politically influential role of individual scientists and academic communities in the institutionalization of scientific knowledge. Equally significant is the extension of their influence to broader arenas of social change. The historical data in these cases clearly demonstrate that Soviet scholars were not so totally constrained by the Communist Party elite that they could not act decisively in their own interests, nor were East Central Europeans immobilized by the extension of Soviet power westward. Scholars in the USSR and East Central Europe asserted agency over a wide variety of issues, from philosophical interpretations of scientific theories to the infrastructure of research and higher education. We come away from this volume, therefore, with heightened respect for those who had the courage to shape the history of academia at times of political and social upheaval in the past, and with a deeper appreciation for the unfinished business of academia today.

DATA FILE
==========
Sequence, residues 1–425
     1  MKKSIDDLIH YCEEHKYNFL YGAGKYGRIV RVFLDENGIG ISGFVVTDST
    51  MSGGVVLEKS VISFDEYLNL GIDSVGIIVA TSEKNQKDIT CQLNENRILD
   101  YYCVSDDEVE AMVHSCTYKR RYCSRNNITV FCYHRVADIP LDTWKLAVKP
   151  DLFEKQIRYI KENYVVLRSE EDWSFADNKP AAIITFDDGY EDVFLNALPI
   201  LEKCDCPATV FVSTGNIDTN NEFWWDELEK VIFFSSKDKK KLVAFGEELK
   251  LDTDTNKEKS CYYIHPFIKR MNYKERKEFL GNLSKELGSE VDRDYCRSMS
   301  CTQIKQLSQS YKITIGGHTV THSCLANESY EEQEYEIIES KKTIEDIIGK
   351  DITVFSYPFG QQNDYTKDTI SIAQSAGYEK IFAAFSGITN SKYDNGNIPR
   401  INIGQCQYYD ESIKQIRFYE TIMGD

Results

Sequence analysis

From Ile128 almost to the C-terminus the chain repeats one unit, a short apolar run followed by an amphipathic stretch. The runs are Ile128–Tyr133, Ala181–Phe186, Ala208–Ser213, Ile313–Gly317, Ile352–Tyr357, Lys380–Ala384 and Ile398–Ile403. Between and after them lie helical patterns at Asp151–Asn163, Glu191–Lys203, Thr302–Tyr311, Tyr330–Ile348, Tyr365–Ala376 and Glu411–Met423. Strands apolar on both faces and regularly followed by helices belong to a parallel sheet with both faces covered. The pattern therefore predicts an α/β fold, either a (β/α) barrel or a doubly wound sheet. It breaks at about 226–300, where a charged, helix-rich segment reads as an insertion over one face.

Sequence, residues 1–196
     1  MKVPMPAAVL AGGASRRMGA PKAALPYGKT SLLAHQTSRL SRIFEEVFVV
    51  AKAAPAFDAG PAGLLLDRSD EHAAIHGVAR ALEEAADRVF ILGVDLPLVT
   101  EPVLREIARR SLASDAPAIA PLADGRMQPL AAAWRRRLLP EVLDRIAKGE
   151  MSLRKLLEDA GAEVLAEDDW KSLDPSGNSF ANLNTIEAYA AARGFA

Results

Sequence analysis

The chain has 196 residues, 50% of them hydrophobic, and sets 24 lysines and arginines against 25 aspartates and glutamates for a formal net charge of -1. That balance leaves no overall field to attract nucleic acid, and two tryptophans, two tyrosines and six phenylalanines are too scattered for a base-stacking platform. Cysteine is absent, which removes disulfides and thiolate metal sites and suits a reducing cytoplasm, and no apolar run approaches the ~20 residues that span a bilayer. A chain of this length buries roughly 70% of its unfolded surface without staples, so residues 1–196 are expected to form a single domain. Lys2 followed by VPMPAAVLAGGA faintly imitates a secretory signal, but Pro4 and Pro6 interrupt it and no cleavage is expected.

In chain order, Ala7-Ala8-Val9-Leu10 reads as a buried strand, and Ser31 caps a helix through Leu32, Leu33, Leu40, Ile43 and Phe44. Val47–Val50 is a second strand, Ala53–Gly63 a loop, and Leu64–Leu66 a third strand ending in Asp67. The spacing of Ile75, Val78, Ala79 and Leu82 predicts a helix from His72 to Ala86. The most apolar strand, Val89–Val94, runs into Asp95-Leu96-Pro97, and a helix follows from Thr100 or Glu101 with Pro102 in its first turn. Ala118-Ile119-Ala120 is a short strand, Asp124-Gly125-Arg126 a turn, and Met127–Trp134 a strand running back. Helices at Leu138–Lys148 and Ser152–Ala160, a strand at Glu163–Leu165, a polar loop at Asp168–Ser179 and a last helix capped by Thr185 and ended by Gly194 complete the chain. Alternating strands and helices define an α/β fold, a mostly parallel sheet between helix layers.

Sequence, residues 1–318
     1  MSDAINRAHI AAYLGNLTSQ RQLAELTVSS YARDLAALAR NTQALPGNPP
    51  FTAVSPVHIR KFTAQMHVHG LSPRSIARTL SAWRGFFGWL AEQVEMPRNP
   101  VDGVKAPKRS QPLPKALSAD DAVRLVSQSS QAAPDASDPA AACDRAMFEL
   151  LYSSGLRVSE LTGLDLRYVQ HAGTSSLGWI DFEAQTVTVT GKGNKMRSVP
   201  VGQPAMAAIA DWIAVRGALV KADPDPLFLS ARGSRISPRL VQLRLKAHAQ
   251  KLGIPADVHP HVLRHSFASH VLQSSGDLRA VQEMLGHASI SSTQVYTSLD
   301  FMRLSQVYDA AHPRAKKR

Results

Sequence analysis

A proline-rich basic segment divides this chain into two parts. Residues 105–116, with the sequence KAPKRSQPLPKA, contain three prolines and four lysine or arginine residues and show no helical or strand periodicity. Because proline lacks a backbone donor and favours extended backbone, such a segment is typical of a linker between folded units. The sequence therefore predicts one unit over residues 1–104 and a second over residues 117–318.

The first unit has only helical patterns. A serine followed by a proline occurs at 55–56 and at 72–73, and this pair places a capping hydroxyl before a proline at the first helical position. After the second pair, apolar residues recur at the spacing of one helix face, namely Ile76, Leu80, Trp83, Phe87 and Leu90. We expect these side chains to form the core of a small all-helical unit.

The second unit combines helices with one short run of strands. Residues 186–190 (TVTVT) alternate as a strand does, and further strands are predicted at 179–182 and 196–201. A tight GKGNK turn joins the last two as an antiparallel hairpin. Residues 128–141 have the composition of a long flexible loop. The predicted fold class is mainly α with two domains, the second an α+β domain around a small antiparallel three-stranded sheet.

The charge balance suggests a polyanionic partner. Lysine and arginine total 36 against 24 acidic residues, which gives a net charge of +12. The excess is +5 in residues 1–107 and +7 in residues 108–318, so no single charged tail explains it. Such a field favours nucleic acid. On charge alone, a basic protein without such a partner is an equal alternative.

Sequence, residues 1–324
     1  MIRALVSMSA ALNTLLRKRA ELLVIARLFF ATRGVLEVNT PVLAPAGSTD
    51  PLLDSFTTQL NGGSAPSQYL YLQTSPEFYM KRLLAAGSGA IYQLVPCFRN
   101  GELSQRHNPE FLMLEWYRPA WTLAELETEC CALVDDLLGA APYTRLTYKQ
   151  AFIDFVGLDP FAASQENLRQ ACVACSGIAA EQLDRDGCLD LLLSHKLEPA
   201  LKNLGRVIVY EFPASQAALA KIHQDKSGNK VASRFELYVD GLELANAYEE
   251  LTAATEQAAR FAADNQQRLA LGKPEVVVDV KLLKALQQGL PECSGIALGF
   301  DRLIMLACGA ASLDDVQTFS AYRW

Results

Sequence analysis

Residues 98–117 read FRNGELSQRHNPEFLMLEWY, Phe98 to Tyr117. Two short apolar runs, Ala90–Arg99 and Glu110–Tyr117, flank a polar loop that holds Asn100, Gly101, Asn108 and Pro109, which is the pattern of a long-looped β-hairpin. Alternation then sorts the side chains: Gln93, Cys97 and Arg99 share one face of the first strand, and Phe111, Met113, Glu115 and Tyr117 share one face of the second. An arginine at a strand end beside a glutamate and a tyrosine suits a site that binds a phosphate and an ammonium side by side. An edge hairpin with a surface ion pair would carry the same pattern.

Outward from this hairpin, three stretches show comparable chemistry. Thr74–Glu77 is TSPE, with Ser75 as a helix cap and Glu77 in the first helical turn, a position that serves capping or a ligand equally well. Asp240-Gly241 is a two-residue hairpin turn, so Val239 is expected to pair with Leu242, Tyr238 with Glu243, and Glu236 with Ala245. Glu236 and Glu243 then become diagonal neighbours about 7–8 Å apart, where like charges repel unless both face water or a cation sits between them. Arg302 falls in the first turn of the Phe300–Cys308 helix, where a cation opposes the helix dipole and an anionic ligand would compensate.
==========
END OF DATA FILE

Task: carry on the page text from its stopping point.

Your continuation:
The author expresses her appreciation to Mark B. Adams for his comments on an earlier draft of this chapter.